-2. An elevator assembly for supporting an elevator car in its well way to serve a plurality of stations, said assembly comprising a pair of transversely alined guide rails supported by the well way structure and defining a center line of car support, a cylinder laterally of each side of said car, said cylinders being on opposite sides of said center line and being mounted with substantially their entire length disposed above the level of the bottom station, a plunger in each cylinder, said cylinders and said plungers being of sufflcieint length to permit said car to be raised from its bottom station to its top station, means supporting said car in a balanced position, said means comprising a pair of stiles, top and bottom cross heads interconnecting said stiles, and guide shoes carried by said stiles in engagement with said rails, and a beam rigidly interconnecting the ends of said plungers and being disposed diagonally under said top cross head and attached thereto.

3. The assembly of claim 2 in which a guide shoe is provided adjacent the top and bottom of each stile.

4. The assembly of claim 2 in which the top cross head comprises oppositely disposed channel members, the beam is an I beam and mutually contacting portions of adjacent flanges of the beam and the channel members are interconnected.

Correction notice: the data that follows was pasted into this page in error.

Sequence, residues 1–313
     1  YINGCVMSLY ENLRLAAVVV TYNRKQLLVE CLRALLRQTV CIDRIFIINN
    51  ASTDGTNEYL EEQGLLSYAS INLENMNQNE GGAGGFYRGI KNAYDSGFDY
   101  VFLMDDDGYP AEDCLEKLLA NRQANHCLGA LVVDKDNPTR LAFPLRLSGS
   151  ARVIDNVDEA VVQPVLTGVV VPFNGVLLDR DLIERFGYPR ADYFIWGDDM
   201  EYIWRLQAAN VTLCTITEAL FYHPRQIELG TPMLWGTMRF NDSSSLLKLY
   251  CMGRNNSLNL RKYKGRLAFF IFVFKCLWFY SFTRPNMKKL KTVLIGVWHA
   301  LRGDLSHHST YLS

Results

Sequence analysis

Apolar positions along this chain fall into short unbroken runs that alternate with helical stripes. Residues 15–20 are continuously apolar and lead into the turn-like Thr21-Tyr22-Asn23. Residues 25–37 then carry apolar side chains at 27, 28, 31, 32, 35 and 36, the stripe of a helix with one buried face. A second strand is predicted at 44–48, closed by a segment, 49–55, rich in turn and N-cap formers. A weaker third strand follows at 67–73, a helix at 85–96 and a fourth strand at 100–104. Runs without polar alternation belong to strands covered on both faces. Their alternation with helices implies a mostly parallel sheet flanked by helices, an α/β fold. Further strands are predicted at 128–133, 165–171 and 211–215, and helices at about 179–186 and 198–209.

5. In an elevator assembly for supporting an elevator car in its well way to serve a plurality of stations, a pair of guide rails supported on opposite sides of said well way, a cylinder laterally of each side of said car and each being mounted with substantially its entire length disposed above the level of the bottom station, a plunger in each cylinder, said cylinders and said plungers being of sufficient length to permit said car to be raised from its bottom station to the upper station, supporting means connected to said plungers and to said car, guide shoes carried by said car in engagement with said rails, said casings and said guide rails being so disposed that a line between said casings intersects a line between said guide rails.

6. The elevator assembly of claim 5 in which the guide rails define a center line of car support and the cylinders are located on opposite sides of the center line.

ALFRED W. GROTE.